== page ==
Having said that – Foldscopes work fantastically when coupled to phones/iPads/ recording devices. No special app is required- your standard camera application will suffice! Learn how to collect photo and video data here: FoldscopeViewing: With Your Phone Camera.

(Note: for iPhone X series users, place the coupler over the camera located closest to the top of the phone.)

Foldscope has been enjoyed by users across all ages! Due to legal regulations relating to choking hazards, we officially recommend the product for ages 8 and up. However, with adult supervision, younger science enthusiasts can also enjoy the Foldscope!

The Foldscope is made out of high-strength, plastic-coated paper, making it sturdy and durable. It can be used for both the simplest observations and for thorough scientific studies, and all places in between.

Discovery is an integral part of exploration. We built this tool so that anyone could make new discoveries while exploring the microscopic world.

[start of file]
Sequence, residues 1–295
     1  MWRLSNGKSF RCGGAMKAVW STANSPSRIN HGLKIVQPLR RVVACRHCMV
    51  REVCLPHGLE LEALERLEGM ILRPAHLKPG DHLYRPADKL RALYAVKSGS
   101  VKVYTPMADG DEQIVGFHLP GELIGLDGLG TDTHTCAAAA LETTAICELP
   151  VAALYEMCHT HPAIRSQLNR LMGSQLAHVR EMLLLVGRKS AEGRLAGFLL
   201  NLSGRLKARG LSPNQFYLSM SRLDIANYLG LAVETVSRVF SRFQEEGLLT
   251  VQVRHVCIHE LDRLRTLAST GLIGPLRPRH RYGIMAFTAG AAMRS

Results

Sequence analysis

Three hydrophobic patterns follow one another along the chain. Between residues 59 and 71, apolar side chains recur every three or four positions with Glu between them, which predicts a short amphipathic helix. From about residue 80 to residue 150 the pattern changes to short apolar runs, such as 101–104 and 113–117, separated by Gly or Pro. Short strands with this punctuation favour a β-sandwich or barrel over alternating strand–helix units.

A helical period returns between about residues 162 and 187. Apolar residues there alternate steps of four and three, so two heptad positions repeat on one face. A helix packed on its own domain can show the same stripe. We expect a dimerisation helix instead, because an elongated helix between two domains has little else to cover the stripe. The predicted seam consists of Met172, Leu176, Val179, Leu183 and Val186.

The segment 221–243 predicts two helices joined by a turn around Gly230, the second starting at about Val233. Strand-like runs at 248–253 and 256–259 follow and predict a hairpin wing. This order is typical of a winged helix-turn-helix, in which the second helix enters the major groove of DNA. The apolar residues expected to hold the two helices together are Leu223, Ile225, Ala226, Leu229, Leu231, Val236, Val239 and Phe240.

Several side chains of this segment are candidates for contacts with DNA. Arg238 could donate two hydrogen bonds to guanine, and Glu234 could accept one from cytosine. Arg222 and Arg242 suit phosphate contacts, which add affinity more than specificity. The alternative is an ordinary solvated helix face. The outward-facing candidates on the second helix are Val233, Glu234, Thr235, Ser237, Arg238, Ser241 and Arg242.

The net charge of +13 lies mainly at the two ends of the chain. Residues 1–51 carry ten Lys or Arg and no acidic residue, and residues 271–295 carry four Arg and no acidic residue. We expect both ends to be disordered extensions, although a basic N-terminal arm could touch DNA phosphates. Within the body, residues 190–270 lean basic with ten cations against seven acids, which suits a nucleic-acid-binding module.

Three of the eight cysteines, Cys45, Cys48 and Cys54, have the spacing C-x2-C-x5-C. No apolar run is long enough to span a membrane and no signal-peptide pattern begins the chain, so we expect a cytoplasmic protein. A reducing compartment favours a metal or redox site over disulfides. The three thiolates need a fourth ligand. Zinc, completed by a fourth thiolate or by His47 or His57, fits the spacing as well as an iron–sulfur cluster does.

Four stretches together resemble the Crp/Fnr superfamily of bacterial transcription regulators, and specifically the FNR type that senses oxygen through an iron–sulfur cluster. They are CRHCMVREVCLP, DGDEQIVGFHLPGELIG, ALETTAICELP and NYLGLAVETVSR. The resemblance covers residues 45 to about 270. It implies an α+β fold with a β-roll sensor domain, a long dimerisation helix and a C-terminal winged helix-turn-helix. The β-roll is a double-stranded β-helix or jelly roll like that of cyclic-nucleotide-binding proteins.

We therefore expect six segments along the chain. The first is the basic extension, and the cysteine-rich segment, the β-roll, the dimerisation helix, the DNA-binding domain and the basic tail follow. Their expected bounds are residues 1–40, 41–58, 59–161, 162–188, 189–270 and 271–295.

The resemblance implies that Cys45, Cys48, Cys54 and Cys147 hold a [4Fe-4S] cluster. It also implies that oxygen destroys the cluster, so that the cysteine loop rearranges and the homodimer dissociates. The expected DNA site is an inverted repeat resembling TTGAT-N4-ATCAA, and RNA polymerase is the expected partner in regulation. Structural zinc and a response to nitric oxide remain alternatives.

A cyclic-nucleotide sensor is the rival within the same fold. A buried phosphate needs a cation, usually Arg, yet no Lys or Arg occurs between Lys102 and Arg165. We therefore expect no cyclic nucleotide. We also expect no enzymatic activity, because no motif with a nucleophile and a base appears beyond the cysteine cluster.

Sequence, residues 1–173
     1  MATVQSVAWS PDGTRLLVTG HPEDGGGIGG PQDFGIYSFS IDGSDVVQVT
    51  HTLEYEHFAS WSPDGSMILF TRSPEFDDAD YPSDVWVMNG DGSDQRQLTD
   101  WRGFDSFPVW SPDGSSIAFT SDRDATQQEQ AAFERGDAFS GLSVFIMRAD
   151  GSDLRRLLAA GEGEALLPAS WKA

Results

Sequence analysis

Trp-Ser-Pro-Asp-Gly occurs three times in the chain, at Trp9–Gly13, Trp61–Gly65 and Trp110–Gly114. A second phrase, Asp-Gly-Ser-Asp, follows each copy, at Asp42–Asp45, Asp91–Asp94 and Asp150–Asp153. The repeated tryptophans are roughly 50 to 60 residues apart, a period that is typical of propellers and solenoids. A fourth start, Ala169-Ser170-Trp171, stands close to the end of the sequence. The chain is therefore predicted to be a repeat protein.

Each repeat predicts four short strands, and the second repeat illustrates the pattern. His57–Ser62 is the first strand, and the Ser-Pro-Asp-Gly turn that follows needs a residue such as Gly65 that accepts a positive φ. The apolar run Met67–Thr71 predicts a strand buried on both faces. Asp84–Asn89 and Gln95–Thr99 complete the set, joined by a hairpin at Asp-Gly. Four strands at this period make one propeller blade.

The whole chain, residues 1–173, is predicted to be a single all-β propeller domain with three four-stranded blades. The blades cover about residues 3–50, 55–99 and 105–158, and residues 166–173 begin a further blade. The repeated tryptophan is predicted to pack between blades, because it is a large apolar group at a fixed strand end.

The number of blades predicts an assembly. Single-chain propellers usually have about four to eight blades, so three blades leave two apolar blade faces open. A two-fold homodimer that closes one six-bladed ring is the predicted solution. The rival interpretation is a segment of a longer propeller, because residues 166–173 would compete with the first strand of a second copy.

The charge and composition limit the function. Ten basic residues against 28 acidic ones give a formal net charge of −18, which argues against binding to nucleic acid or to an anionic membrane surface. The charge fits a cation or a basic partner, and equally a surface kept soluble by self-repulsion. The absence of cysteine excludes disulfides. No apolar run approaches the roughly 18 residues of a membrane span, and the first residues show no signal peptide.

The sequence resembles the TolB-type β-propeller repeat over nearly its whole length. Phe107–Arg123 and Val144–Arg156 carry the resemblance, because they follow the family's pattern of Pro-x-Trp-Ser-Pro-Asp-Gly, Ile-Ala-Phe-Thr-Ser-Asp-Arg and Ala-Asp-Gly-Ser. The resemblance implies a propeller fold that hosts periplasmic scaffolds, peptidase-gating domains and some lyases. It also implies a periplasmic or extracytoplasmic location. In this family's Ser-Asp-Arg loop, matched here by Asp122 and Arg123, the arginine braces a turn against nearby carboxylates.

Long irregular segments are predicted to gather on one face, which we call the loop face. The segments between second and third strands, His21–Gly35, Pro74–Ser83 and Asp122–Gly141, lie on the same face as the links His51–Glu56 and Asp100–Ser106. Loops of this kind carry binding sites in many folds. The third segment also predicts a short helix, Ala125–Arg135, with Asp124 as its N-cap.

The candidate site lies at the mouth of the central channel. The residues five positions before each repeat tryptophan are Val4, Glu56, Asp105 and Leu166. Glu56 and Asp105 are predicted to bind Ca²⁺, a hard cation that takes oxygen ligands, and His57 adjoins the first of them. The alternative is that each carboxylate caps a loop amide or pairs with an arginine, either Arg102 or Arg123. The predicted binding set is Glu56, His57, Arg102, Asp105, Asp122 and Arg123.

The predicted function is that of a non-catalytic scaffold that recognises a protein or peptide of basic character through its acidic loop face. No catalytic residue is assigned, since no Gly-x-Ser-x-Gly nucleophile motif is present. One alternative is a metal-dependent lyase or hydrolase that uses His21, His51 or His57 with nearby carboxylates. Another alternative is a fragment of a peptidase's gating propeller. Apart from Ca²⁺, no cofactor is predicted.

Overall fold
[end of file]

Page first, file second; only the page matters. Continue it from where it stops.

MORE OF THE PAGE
• The first step in discovery is sharing and documenting the observation. Please document as much about your discovery as you can.

  • Please register and share your explorations with the rest of the Foldscope community at https://microcosmos.foldscope.com.

  • You will be given a DOI number – which makes your observation citable and archived forever with your name. This is a community website with standard Creative Commons license.

Translations & More!

Our materials are now available in various formats in over 21 languages!

To download the English-language version of our written instructions included with every Foldscope, click here!

Foldscope-instructions-english

Add Your Heading Text Here

Close Menu